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Thread: Cleistogamy with D. madagascarensis?

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    carnivorous plants of the world -- unite! DragonsEye's Avatar
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    Cleistogamy with D. madagascarensis?

    I have two D. mads. Both have flower spikes with plenty of buds, though one is much further along. However, I have yet to see a single flower. Instead, they seem to stop at the bud stage. I can see the pink/magenta of flower petals at the tip of the new buds and old with the those of the older having the withered look. They never got beyond this stage. Despite this, at least one of the oldest buds shows distinct signs of swelling/seedpod formation. This being my first try with D. mad, I have no idea how normal this is.
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    NECPS Editor Radagast's Avatar
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    I'm no expert however this situation has happened to me and I nearly posted the same question about a month ago. I had a healthy, robust plant throw out a long thick flower stalk. I would see the bud, and the colorful tips, but then it would appear to be withered the next time I checked. For example, I have a D. aliciae that is currently flowering. One night I check it and it has colorful tips..the next morning I check it and it is blooming beautifully, that evening I check it and it is closed and withered.

    I've read that some plants' flowers can last just several hours before closing up again. I'd check back on it at random times throughout the day and see if you're just missing it.

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    Hello, I must be going... Not a Number's Avatar
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    Most of the South African Drosera are self-fertilizing.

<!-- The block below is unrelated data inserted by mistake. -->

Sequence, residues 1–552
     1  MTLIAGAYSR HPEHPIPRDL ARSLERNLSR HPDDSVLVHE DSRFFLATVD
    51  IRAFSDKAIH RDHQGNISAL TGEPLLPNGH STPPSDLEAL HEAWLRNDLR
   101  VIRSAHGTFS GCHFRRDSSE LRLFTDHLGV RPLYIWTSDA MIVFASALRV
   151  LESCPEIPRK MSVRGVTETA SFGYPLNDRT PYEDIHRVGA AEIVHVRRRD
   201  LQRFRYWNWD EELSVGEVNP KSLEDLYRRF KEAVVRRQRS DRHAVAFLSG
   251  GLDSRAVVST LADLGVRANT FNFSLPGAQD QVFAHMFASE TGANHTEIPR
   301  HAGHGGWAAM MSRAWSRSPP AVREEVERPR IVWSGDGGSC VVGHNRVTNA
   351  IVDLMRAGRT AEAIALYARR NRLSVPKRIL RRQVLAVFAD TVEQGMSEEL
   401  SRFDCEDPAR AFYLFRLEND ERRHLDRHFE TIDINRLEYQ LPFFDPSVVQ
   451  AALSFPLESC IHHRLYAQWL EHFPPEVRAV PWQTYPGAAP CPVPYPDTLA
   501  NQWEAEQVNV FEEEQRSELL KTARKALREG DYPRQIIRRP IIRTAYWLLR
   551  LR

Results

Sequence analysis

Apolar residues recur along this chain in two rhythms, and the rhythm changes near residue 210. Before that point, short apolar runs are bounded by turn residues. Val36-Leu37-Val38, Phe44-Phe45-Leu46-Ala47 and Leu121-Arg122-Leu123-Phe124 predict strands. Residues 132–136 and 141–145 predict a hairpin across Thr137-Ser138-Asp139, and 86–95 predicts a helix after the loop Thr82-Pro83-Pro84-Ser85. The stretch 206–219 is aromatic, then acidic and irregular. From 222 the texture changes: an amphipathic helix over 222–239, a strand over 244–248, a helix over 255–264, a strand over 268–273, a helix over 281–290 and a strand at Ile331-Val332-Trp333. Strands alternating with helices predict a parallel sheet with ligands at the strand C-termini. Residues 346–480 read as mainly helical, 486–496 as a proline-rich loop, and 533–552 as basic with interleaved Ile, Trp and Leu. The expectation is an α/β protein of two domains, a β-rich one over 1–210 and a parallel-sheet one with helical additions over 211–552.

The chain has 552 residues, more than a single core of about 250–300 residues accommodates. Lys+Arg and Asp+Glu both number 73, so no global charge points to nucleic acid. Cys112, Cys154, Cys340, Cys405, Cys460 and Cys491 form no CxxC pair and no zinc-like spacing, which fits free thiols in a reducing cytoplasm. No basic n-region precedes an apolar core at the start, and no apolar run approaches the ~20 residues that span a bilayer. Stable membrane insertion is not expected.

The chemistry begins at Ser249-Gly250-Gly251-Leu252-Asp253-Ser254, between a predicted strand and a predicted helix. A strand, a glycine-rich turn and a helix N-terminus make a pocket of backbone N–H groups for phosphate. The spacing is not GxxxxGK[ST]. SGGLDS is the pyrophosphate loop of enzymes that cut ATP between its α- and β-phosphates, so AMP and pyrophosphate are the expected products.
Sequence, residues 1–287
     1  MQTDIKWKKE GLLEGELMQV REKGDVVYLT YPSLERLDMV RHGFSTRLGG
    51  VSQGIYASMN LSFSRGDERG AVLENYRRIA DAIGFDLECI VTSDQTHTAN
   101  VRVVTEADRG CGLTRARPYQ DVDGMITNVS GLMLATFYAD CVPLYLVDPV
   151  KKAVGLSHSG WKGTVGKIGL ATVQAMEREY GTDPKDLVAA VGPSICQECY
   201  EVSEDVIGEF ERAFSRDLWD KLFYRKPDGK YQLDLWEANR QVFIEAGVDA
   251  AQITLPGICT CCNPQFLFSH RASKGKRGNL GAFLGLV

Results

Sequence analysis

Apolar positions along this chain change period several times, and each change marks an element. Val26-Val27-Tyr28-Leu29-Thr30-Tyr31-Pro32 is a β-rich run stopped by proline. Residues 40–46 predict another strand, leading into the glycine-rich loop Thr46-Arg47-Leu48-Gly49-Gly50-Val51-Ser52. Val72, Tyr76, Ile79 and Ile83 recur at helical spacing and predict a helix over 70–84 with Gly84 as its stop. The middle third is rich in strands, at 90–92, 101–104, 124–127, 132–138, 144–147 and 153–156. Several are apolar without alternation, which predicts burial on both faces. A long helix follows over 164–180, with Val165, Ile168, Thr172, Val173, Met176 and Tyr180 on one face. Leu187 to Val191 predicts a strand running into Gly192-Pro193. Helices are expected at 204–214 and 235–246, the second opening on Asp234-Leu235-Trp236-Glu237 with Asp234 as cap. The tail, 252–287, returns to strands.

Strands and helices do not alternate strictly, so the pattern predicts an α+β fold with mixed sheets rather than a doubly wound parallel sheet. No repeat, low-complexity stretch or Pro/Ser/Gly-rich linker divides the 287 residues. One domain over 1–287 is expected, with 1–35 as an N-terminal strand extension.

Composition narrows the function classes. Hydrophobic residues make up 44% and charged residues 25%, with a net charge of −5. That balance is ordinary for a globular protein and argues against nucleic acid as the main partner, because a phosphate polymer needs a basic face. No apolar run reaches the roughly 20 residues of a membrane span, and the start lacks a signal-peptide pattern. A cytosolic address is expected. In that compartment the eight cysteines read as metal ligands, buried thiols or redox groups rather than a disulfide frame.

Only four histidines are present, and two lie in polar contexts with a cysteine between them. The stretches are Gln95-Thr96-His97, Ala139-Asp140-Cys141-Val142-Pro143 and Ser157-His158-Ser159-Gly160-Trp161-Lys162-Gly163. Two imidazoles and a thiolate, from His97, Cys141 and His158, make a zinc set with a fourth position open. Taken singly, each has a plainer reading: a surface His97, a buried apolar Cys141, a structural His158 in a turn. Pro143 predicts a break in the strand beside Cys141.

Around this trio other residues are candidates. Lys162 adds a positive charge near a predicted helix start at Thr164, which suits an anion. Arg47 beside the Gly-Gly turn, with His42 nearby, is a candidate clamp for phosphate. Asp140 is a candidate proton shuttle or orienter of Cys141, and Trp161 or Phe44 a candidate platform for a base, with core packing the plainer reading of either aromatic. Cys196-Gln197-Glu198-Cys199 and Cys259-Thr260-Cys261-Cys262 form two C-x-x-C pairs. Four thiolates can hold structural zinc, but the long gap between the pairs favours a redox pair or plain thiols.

The flowers are very ephemeral and it is possible that you have just missed them. My plants have been flowering semi-regularly the past 4 years and I've only caught the flower open 2 or 3 times. The flowers abort about 25% of the time for me and simply dry up.

    Here's a couple photos of the one time I caught a flower open nearly fully.




    You can see what one of the previously opened flowers looks like. Seed yield is low for me. Maybe 1 out of 6 stalks will yield seed, about the same as D. admirabilis.
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    hcarlton's Avatar
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    Drosera flowers also only open fully under bright enough light. The intensity required seems to differ between species, but if they don't get the right amount, they skip opening and just go to the withered stage afterward. Those flowers may or may not produce seeds, but it's more likely on self-pollinating species like madag.
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    Hello, I must be going... Not a Number's Avatar
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    There are a number of Drosera species or varieties that charactaristically the flowers are "shy to open" (personal communications with Ivan Snyder, his own words) that have little to light levels.

    As far as the ephemeral nature of Drosera flowers I've seen them go from fully open to closed in the space of time it takes for me to collect and setup my camera gear and lights - say 15-20 minutes.
    Last edited by Not a Number; 10-07-2014 at 06:12 PM.
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    carnivorous plants of the world -- unite! DragonsEye's Avatar
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    Ah. Good to know then. Thanks folks.

    Btw, does a pod dehisce when fully mature? Have one pod that looks like it is opening not at the tip but at four equidistant points closer to the pod's "equator".

    Very nice flower photos, NaN!
    Last edited by DragonsEye; 10-07-2014 at 10:10 PM.
    "Blessed are the cracked….
    For they are the ones who let in the light."



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